Sebastian soon comes to hug mom’s legs and lead her to the food he wants. After laying out a snack for her son, Lorena returns to working on the changes in the opening gestures. In less than a minute, though, Sebastian seeks out Lorena’s arms as she dances. We soon realize that Sebastian wants to eat his snack WITH his mother, so Lorena feels she has no choice but to accommodate his need.
Meanwhile, Mandy runs through her part in the first few phrases, incorporating the new material. Although the original choreography is deeply ingrained in her mind and body, she is able to retain the changes. Jonathan is very pleased with the impact of the adjusted choreography.
Since Lorena is still attending to Sebastian’s needs, Jonathan assumes her role in the next partnering sequence. In tandem with Mandy, he tests out new arm positions and clarifies the exact placement of each dancer’s hands on one another. He develops the phrase further by adding leg movements. Jonathan essentially takes a partnering phrase that is already intricate and adds even greater visual interest.
Jonathan and Mandy continue on to the next phrase in which Mandy repeats certain gestures and motifs with some choreographic variations. Jonathan notes that Mandy’s continual weight shifts communicate her character’s instability and agitation.
All of these changes have resulted in the opening segment of the duet becoming even more detailed, visually richer, and more emotionally complex.
After Jonathan leaves to pick up his kids, Sebastian begins to play with Sherri. Once Lorena provides him with a wet cloth, Sebastian is seemingly transformed! Like last week, he delights in discovering endless ways to manipulate this cloth over various objects and surfaces. Fortunately, Lorena is now able to work on her duet.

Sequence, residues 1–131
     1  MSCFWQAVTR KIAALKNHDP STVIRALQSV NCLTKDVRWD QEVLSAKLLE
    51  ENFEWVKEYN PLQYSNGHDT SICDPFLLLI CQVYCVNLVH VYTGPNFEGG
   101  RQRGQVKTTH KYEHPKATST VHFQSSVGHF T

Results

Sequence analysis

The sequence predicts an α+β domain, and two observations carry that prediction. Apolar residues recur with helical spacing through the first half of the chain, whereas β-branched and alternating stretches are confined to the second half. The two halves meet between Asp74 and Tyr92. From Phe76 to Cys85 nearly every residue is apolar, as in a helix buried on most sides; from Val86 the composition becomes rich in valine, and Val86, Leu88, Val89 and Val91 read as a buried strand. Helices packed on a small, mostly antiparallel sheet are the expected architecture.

As usual, Lorena listens to her music several times as she creates and experiments with new choreography for the initial segment of her dance. She incorporates slow turns with extended legs, arms and legs splayed wide in relevé, and changes in geometry.
Lorena admits that the numerous distractions with Sebastian today have made it difficult to sustain her creative focus. Moreover, she did not have an opportunity to think about her piece this past week. Nevertheless, she commits herself to finding time in the upcoming week to create and refine choreography for her duet – especially since she is close to completing the first section of this dance. Since the second section – Mandy’s solo – is already complete, Lorena will soon be able to move on to the final segment of the piece!
The dancers then work on Mandy’s phrase. Mandy clarifies movements and begins to describe to Lorena the qualitative details she would like to see incorporated into the choreography.
Once again, despite the time limitations and kiddie distractions, the dancers have successfully delved even deeper to develop the qualitative details that bring their visions to life.
Sherri Muroff Kalt, founder of Process Portraits, LLC and author of Portrait of an Artistic Journey: The Creative Process in Real Life Context, is a Phi Beta Kappa, magna cum laude graduate of Duke University with a B.A. in psychology. She began her career in marketing and sales in New York City with L’Oréal, Monet Jewelers, and Givenchy. READ MORE